In my last post, I outlined a toolkit of programs to help test, configure and verify your 10GbE LAN’s performance. In this installment, I’m going to show how I put some of them to work, testing out QNAP’s TS-470 Pro NAS.
Over the last five years or so, Cinevate has relied on NASes to archive virtually all of our design files, video, photo, and workstation backups. With three QNAP NASes, each running 24/7 for over 5 years, it is impressive that there have been zero failures. I also appreciate that even though the TS-509 Pro and TS-639 we use are no longer sold, QNAP continues to release firmware updates incorporating many of the latest features found in their new products.
QNAP TS-470 Pro
If you are looking for fully-supported shared storage, there really is nothing more cost effective than a NAS. Given previous experience owning a computer business, followed by eight years as a system analyst with the Canadian government, good hardware and design is something I really appreciate.
QNAP’s build quality and attention to detail (like adding a small thermostatically controlled fan to their 10GbE card) is evident throughout their product line. These NASes are small, power efficient and surprisingly compact, particularly compared to the typical tower case pictured here.
In terms of just how compact a unit like this would be on a photo or video shoot, (used for digital media management), check this sneak peak below of our All-Terrain Duzi Slider vs the QNAP TS-470 Pro. Remember that simply plugging the TS-470 back in at your “home” network would give all 10GbE connected clients instant access to your media at speeds upwards of 700 MB/s. For portable media backup/management where high volumes of RAW data were expected, the TS-470 would be perfect.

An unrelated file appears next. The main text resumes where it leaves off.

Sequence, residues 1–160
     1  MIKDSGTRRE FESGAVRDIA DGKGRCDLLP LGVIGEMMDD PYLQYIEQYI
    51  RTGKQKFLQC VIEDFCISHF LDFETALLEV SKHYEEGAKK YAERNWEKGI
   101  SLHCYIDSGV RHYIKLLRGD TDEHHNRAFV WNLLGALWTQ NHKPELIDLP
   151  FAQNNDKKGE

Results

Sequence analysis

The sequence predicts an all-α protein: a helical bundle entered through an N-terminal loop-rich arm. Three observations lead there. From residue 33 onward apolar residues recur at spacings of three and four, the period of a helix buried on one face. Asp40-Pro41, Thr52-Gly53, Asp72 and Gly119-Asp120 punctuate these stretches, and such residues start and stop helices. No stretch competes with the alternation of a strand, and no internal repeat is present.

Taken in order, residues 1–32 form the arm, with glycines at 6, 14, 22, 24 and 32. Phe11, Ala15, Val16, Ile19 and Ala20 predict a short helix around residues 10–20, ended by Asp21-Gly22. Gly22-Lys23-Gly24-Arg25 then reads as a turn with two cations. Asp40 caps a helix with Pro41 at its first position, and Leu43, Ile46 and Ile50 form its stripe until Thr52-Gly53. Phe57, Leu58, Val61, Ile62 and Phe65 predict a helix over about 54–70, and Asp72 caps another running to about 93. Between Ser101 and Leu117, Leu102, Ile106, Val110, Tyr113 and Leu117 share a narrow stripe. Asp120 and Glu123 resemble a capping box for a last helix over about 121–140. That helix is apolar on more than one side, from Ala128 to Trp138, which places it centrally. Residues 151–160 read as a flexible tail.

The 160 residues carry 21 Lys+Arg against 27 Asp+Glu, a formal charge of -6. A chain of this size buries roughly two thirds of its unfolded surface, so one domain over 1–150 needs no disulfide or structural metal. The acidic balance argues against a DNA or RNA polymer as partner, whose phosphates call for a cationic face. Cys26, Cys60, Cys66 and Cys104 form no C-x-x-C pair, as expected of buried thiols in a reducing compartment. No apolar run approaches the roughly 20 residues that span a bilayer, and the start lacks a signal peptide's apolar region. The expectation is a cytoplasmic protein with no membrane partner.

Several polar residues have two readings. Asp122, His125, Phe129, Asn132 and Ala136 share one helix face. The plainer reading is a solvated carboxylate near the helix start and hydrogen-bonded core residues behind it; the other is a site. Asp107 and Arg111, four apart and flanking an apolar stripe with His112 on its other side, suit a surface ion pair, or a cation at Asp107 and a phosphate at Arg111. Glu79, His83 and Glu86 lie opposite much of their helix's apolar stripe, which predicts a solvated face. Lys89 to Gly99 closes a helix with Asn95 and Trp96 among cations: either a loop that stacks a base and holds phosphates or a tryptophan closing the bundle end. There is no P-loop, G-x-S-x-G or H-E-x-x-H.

QNAP was kind enough to send Cinevate a TS-470 Pro with a dual-port 10GbE card installed so I could put it through its paces in our environment. The TS-470 Pro can accept a total of four hard drives. However, given the potential performance of the optional 10GbE card (about $600), I would suggest considering QNAP’s TS-8xx Pro series, as they can accommodate eight hard drives.
Eight hard drives allows for RAID performance that can actually “fill” a 10GbE pipe. Eight 4 TB drives in RAID 5 (one drive can fail without data loss) will provide up to 28 TB of usable storage. More importantly, eight drive bays allows creating a volume with, say, 5 x 4 TB drives, and another volume with 3 x 1 TB SSD drives for business data.
With consumer SSD drives exceeding 1TB capacity, it is not inconceivable for some companies to populate a 4 bay NAS like the TS-470 Pro with SSD drives for the ultimate in high speed, power efficient shared storage. As I happened to be in the middle of SSD drive updates for workstations, I had four Intel 530 series SSDs to test the NAS with.
A quick RAID 0 test with the four SSDs shows that the TS-470 Pro is capable of faster speeds than advertised by QNAP! I observed a peak of 777 MB/s using the NAS resource monitor during this large file copy from the TS-470 to a local RAM drive.
Swapping the four SSD drives out for four 4 TB Hitachi Deskstar 7200 RPM drives, the results reflect performance over 10GbE nearly identical to what you might expect from these drives run locally from a RAID card.
Using the Intel NASPT tool, some very respectable numbers were also generated. Remember that the maximum you would measure over Gigabit Ethernet is about 120 MB/s. So to see 548 MB/s measured from four 7200 RPM drives over a 10GbE connection is excellent.
You would likely never configure a four drive RAID 0 array because it has no fault tolerance. The exception might be a local drive array used to stream multiple 4K RAW video streams for video editing. RAID 10 performance (data striped across two disk mirrors) costs you half of your disk array space, but will provide better write performance than a RAID 5 array.
One of the reasons I would prefer an eight bay NAS is that RAID 5 performance would increase considerably over a four bay NAS, with only one disk lost to parity. In other words, RAID 5 and eight disks provide a better balance of disk performance vs. redundancy.